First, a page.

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Rain on the visor

Discussion in 'General Motorcycling Discussion' started by Spudley, Nov 15, 2011.

  1. Hi all, I'm currently anticipating going for my L's (this coming sunday), and as I will be riding to commute rain hail or shine, my question is what do people use on their visor to repel rain on the outside and fog on the inside?

    I've seen "cat-crap" on the web for sale for antifog, anyone used this before and can confirm it works?

    I was thinking about the Rain-X products for cars on the outside but not sure if there's something better... Can anyone pitch their ideas and findings?

  2. Rain-X works on the outside, and there is a Rain-X product made for interior glass, but it doesn't work all that well on visors.

    There are products you can get. I haven't bothered with them for many years. I keep the inside clean, I leave the visor cracked a fraction and open it at stop lights, and in really bad fogging conditions, I smear a little mild detergent (dishwashing liquid is good) on the inside. It will make a slightly milky film if it dries right out, but it will also stop the worst fogging. It only works for a few hours, so you need to clean it off and re-apply if the conditions are still bad. It's also worth learning to breath in through the nose and out through the mouth, and dr@pe your top lip so as to blow damp air down and out. You'd look like the village idiot if anybody could see you, but you're inside a full face, so they can't.

    If the water on the visor is clean, you can swipe your finger across it like a windscreen wiper. Try not to do that if the water is dirty, or if the visor was a bit buggy when the rain started.

    Plain rain on a visor isn't that bad - it beads and runs off. The stuff I hate is fine spray, like trucks throw up. That can be horrible. A sharp shake of the head may help, or turning your head to one side for a second, then the other, to let the wind clear off the middle.

    The wind does a pretty reasonable job of keeping the visor clear at highway speed. It's suburban stop-start peak hour traffic that's the worst. And really heavy rain can actually be better than light rain and spray. Big drops run off. Little ones just sit there.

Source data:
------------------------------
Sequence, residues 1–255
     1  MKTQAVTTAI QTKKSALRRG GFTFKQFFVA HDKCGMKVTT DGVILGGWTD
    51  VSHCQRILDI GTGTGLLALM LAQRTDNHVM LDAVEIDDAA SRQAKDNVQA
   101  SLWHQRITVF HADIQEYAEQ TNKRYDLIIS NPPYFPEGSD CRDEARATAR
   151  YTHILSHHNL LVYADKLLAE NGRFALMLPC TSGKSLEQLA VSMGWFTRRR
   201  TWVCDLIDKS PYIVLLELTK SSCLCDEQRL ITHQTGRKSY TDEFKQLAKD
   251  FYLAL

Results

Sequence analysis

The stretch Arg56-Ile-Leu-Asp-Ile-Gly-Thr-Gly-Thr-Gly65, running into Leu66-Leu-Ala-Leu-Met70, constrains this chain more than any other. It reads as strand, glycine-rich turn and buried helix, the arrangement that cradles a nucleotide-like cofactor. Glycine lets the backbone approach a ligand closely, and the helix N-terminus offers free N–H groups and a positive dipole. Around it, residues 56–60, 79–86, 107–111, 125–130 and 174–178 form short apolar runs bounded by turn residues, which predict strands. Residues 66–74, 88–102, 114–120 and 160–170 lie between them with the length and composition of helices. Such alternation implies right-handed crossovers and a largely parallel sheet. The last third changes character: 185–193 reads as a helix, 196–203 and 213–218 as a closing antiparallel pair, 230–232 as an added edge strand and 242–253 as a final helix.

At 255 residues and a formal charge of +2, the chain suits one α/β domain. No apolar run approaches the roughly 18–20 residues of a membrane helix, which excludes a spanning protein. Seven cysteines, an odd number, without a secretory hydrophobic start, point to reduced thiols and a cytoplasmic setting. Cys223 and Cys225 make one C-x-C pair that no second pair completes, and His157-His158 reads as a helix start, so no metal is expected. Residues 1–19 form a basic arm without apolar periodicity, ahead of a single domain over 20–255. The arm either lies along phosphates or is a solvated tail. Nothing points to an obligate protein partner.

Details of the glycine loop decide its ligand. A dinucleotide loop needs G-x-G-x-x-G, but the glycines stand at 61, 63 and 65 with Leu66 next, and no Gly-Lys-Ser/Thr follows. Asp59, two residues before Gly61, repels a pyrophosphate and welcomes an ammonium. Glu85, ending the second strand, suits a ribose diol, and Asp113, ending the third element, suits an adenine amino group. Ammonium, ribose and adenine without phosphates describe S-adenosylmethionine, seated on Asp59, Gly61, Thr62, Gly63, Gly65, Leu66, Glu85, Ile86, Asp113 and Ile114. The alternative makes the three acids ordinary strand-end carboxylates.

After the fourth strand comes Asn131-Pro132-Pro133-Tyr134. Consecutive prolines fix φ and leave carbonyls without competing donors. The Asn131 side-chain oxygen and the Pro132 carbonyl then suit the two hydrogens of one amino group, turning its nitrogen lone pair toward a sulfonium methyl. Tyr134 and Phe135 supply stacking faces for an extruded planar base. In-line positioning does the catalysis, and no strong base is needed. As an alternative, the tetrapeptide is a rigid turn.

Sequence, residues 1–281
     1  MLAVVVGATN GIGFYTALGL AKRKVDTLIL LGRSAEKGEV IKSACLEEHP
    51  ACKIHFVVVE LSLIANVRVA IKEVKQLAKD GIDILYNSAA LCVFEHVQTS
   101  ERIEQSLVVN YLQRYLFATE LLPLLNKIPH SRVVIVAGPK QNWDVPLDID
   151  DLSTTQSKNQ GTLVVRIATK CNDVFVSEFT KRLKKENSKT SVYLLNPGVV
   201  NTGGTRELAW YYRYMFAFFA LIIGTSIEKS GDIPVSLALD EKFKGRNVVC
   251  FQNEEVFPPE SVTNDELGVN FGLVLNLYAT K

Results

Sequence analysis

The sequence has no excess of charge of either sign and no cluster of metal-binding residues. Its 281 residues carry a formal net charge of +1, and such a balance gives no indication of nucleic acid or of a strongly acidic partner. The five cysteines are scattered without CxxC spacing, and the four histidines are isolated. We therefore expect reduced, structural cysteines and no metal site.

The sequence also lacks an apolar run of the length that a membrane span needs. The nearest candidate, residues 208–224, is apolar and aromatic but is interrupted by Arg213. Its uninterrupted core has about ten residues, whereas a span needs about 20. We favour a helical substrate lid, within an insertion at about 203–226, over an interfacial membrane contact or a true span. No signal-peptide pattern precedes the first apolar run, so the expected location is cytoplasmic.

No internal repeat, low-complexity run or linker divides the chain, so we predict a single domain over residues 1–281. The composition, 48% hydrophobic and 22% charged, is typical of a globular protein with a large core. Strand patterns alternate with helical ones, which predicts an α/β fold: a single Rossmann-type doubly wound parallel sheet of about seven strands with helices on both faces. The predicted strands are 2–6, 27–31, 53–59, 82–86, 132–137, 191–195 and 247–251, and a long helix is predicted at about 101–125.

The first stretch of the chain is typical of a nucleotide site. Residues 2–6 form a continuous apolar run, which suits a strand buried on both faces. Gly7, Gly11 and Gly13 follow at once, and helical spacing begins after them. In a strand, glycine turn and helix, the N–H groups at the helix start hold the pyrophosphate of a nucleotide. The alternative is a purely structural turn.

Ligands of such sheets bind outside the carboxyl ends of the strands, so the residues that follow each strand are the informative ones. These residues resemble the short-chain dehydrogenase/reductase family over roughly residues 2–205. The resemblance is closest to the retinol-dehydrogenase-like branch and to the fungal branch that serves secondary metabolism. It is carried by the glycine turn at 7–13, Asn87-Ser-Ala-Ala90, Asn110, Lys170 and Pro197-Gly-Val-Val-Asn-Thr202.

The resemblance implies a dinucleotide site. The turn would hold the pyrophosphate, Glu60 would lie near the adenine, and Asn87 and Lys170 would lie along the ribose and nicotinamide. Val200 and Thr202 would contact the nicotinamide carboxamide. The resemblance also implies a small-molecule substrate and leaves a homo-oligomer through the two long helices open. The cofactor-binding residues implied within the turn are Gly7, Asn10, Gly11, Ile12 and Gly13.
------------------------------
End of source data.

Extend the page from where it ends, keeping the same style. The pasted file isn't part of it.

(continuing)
• Like Like x 1
  3. i use natural wind. (i know that sounds disgusting)

    but all you do is turn your head side on breifly when you are riding and the water blows off. the faster you are going the better. filtering probably also helps.
  4. Plus 1 to Kneedragon and MT1.

    Make sure your visor is squeaky clean before you head out, and the beads of water will come off easily and leave you with a nice clear view using either method.

    As the guys have remarked above, the "wind" method needs a bit of speed to work properly but on a nice clean visor it works a treat.

  5. What KD said, Rain-X onthe outer works a treat, in Fact what MT! works well when you're doing about 80? Rain-x works at a much lower speed, the internal rain-x stuff, I still have a full bottle on my shelf needless to say, save your money. open all vents !! lift the visor when stopped if it's pissin down well you will learn to breath. summer is coming get your experience firstand enjoyriding before freaking out about the 'what if' stuff.
  6. My left winter glove has a squidgy on the thumb. If ride through misty/spray type rain (as KD described before), I just wipe my visor with my left thumb...squidgy works great and wipes the visor clean. Heavy rain I just move head left and right for a split second.

    In regards to fog, I ride with the visor slightly ajar, especially when stopped at the lights.
  7. #7 bulby, Nov 15, 2011
    Last edited by a moderator: Oct 24, 2015
    I got the pinlock thing on my visor. (Shoei TZ-X helmet)
    Works wonders against fogging onthe inside =]